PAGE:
After weeks of history documentaries, magazine cover stories and poignant recollections, the United States on Friday was to commemorate the 50th anniversary of the assassination of president John F. Kennedy.

U.S. President Barack Obama ordered flags to be lowered to half mast, noting that Mr. Kennedy had “called a generation to service and summoned a nation to greatness.” Mr. Kennedy’s accomplishments in founding the Peace Corps, kick-starting the space programme with the goal of a moon landing, navigating the perils of the Cuban missile crisis that brought the world to the brink of nuclear war: All of these are among the remembrances of his brief presidency.

Friday will see a series of commemorations, with the focus on Dealey Plaza, in Dallas, Texas, where the assassination occurred and an assassination museum has been built. An estimated 5,000 people are expected to attend. Around 900 journalists from around the world had registered their plans to cover the ceremony, the newspaper Dallas News reported.

In Boston, Massachusetts, where Mr. Kennedy was born, several events are planned including church services, concerts and the opening of an exhibit with personal artefacts of the 35th president that have never been shown in public.

But the enduring video image of the day, one that has rerun on every U.S. broadcast channel for weeks, is that of first lady Jacqueline Kennedy in her double-breasted, pink wool suit. She begins the day in Texas with her husband, wearing the suit and matching pillbox hat, a broad smile on her face and an armful of red roses against the pink wool.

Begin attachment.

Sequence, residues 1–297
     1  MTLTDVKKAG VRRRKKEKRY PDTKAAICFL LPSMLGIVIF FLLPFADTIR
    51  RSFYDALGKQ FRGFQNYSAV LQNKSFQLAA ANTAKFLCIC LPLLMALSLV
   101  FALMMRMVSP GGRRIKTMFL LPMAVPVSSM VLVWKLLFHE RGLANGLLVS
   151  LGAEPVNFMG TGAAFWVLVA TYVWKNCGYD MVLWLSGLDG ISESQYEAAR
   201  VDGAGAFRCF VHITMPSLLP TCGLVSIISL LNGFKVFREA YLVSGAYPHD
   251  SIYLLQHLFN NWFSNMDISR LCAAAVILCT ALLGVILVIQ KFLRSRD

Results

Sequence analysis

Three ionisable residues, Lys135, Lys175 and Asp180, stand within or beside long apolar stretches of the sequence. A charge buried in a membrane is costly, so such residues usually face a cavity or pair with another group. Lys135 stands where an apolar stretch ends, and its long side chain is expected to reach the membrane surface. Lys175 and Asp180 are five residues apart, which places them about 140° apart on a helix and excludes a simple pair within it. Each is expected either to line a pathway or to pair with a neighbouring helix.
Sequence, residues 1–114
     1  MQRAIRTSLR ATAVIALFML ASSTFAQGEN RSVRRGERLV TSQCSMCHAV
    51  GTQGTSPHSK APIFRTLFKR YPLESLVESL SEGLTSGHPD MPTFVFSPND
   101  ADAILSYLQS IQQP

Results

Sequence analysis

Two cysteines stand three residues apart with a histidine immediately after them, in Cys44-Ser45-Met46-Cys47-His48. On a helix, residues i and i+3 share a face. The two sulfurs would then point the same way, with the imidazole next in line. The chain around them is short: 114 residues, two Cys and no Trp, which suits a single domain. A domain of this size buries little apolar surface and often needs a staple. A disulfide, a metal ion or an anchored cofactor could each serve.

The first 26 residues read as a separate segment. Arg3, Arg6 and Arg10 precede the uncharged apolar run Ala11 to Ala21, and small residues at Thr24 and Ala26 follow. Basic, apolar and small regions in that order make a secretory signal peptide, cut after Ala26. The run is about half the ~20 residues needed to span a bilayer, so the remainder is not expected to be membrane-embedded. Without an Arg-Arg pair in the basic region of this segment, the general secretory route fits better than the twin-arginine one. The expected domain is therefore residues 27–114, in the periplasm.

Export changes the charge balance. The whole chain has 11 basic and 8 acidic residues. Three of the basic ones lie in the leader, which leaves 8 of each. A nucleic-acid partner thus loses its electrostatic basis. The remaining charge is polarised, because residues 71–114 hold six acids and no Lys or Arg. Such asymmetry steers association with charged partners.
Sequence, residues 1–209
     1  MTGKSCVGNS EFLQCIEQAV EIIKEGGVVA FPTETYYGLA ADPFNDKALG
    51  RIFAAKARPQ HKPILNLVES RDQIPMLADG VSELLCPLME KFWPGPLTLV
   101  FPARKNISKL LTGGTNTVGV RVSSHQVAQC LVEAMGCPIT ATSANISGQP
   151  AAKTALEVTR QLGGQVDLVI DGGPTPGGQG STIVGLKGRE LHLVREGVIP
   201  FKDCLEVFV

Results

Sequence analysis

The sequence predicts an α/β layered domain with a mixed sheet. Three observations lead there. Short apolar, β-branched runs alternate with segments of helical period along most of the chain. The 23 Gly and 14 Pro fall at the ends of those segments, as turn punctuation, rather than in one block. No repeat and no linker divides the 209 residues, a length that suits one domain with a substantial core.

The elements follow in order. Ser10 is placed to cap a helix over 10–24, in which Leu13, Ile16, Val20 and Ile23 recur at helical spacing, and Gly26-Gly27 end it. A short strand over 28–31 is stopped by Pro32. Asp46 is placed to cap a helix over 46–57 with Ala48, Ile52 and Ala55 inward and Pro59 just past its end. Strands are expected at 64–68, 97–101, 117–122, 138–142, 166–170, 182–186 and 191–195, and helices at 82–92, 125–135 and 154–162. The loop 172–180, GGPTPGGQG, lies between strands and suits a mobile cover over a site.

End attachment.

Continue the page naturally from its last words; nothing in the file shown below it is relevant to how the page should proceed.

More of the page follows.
Sadly remarkable about her presence was this was her first public outing after giving birth just three months before to their last child, a son, Patrick Bouvier Kennedy, who died shortly after birth.

By 12:30 pm local time (1830 GMT), yet another tragedy was to befall her. The sniper’s bullet at Dealey Plaza in Dallas, Texas, put an end to Jack Kennedy’s life even as she sat next to him in the open-air limousine. Her next actions are embedded in the American psyche: her frantic crawl over the back of the car, her return to the seat, his slumped body in her lap.

And during the long weekend of mourning and burial, broadcast nationwide on television for the media’s first round-the-clock coverage of an event, the enduring image was that of Jackie: How the 34-year-old widow stood next to Lyndon B. Johnson as he was sworn in as president, her husband’s blood caked on the pink suit and on her legs.

She refused to wash and change clothes. “Let them see what they have done,” she later told a journalist.

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